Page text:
By Jake Wylie
OAKLAND, CA – The defense teams for Damone Haynes and Anthony Rhodes clashed as they delivered their closing arguments in the final act of a murder/carjacking trial here Tuesday in Alameda County Superior Court.
Judge Trina Thompson first heard Lindsay Horstman, Haynes’ attorney, explain to the jury that they themselves had heard Rhodes lie in court about his ownership of a cell phone linked to the crime, calls made from that phone, and his relationship to the victim.
“[Rhodes] claimed to not even know how to find [the victim], despite buying heroin from [the victim] in the hundreds previously,” said Horstman.
Horstman also identified discrepancies between phone number records, international mobile equipment identity numbers which belonged to the phones in question, and testimony by the defendants of this case which meant that the jury could not reasonably rely on these pieces of evidence.
“When I say the phone records do not prove anything about who committed this crime, I mean that literally,” said Horstman.
Damone Haynes, Sr., 46, and Anthony Rhodes, 45, were charged with the carjacking and murder of a man who was killed in the early morning hours of July 26, 2019.
Rhodes was arrested in early 2020 and was found to have heroin, methamphetamine, and 40 caliber ammunition in his home in San Francisco. Haynes was arrested several weeks earlier after a witness identified him as a shooter the night of the murder.
The victim was shot while sitting in his van. At the crime scene, spent ammunition casings for a 40 caliber firearm were found. Two casings and two marks where bullets had apparently struck were found inside the van.
“There isn’t anything honest in this case,” said Christopher Alan Martin, Rhodes’ attorney, rebuking Horstman’s statements. “(Officer Gerald) Moriarty knew that my client, Anthony Rhodes, had nothing to do with this case. But he chose to arrest him anyway.”
These pieces of evidence were collected by Officer Moriarty, an Oakland Police Department homicide investigator, and his partner during a walk-through of the crime scene the night of the crimes.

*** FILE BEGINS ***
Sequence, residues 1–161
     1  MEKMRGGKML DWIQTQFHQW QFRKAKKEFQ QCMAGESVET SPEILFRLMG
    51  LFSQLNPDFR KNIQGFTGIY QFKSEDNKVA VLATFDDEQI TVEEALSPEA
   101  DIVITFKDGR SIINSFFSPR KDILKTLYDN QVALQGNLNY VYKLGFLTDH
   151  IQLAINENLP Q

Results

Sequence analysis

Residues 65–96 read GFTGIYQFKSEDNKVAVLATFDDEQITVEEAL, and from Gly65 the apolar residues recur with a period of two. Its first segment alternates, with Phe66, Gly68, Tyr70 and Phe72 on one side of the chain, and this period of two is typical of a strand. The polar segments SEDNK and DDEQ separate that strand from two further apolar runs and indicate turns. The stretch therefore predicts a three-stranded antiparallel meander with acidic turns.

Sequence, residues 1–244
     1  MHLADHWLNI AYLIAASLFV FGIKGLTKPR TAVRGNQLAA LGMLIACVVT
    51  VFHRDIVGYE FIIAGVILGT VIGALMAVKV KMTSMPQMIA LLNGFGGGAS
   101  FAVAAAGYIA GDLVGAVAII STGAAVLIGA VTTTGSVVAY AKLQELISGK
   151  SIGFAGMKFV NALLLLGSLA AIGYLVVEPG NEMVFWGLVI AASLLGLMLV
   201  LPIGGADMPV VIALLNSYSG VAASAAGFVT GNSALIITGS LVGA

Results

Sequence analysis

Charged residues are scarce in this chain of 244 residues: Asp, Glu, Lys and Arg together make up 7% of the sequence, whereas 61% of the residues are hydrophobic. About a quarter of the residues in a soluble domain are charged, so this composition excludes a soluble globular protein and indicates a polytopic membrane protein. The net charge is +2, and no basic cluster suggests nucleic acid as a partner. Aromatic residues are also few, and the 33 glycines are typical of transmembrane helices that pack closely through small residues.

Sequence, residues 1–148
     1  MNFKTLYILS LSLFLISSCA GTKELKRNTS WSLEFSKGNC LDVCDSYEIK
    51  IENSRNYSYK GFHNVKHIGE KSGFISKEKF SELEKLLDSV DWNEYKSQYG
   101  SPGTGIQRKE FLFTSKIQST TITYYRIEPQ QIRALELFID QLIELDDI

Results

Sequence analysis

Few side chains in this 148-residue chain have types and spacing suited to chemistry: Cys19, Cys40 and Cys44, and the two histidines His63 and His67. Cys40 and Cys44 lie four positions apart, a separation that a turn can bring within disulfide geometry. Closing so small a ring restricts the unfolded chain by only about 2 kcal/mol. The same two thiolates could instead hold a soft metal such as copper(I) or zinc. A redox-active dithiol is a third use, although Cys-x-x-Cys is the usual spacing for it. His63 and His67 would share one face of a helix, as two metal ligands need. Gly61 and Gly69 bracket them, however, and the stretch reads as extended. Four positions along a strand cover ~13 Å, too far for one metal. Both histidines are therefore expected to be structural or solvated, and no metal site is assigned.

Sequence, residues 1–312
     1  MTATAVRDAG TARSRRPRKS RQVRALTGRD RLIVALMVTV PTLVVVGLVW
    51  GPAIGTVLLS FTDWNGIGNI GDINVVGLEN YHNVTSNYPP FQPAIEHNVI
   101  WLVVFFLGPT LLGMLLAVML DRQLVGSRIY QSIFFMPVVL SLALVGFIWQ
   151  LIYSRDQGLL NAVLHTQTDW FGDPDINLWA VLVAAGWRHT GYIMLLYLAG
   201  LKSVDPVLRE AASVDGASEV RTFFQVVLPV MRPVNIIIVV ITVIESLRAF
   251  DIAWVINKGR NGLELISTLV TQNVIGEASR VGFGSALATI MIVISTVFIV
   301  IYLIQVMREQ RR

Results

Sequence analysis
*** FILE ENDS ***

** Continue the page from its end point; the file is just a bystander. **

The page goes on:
With the help of a police technician, Officer Moriarty obtained surveillance footage from a convenience store near the scene of the crime which Officer Moriarty previously said “captured the murder.”
Terrell Martinez, 47, was identified and charged as an accessory shortly after Haynes and Rhodes were charged in 2020.
In closing, Haynes’ counsel revisited the surveillance footage Officer Moriarty obtained as proof that Martinez “wasn’t just the driver” but played a larger role in the alleged conspiracy to commit a crime.
“Anthony Rhodes is innocent. What happened in this case was Moriarty trying to drive a square peg into a round hole… [T]o be falsely convicted of murder  is about the most horrible act that a human being gets in this world, and that’s what happened in this case,” said Martin, asserting that Officer Moriarty had put words into Martinez’s mouth while questioning him in order to link Rhodes to the crime.
To help illustrate his point about Officer Moriarty’s alleged fabrication of evidence, Martin took several minutes to explain the plot of the 1992 film, “My Cousin Vinny.”
Both defense teams ended their arguments with pleas to the jury.
“Are you strong enough and faithful enough in the rules of our system to turn to the prosecutor and say, ‘I understand why you prosecuted this case,’ but brave enough, courageous enough, and committed enough to admit that the case has not been proven to you… and therefore the law compels you to vote not guilty?” asked Horstman.
The Davis Vanguard has previously reported on this case, including cell phone mapping by the district attorney’s office, testimony by an Oakland Police technician who collected surveillance footage of the crime, and health complications during the trial.